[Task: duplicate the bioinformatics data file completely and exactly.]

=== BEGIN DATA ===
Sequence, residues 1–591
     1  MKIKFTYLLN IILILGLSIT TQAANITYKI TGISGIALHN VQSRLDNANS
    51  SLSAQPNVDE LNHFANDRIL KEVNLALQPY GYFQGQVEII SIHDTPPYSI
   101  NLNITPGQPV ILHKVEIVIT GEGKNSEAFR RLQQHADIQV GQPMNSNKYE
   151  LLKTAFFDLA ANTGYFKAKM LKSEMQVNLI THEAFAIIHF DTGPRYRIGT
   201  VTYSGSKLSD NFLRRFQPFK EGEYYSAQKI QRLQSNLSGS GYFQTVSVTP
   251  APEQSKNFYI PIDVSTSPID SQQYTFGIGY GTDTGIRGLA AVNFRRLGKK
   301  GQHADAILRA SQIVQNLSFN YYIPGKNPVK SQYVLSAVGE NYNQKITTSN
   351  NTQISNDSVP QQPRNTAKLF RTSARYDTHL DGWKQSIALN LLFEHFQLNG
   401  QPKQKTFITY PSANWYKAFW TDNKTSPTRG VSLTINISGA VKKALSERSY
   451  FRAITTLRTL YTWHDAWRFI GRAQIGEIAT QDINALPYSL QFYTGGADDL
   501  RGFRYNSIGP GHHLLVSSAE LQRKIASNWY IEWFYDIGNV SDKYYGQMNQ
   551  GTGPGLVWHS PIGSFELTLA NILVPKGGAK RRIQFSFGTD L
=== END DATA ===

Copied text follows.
Sequence, residues 1–591
     1  MKIKFTYLLN IILILGLSIT TQAANITYKI TGISGIALHN VQSRLDNANS
    51  SLSAQPNVDE LNHFANDRIL KEVNLALQPY GYFQGQVEII SIHDTPPYSI
   101  NLNITPGQPV ILHKVEIVIT GEGKNSEAFR RLQQHADIQV GQPMNSNKYE
   151  LLKTAFFDLA ANTGYFKAKM LKSEMQVNLI THEAFAIIHF DTGPRYRIGT
   201  VTYSGSKLSD NFLRRFQPFK EGEYYSAQKI QRLQSNLSGS GYFQTVSVTP
   251  APEQSKNFYI PIDVSTSPID SQQYTFGIGY GTDTGIRGLA AVNFRRLGKK
   301  GQHADAILRA SQIVQNLSFN YYIPGKNPVK SQYVLSAVGE NYNQKITTSN
   351  NTQISNDSVP QQPRNTAKLF RTSARYDTHL DGWKQSIALN LLFEHFQLNG
   401  QPKQKTFITY PSANWYKAFW TDNKTSPTRG VSLTINISGA VKKALSERSY
   451  FRAITTLRTL YTWHDAWRFI GRAQIGEIAT QDINALPYSL QFYTGGADDL
   501  RGFRYNSIGP GHHLLVSSAE LQRKIASNWY IEWFYDIGNV SDKYYGQMNQ
   551  GTGPGLVWHS PIGSFELTLA NILVPKGGAK RRIQFSFGTD L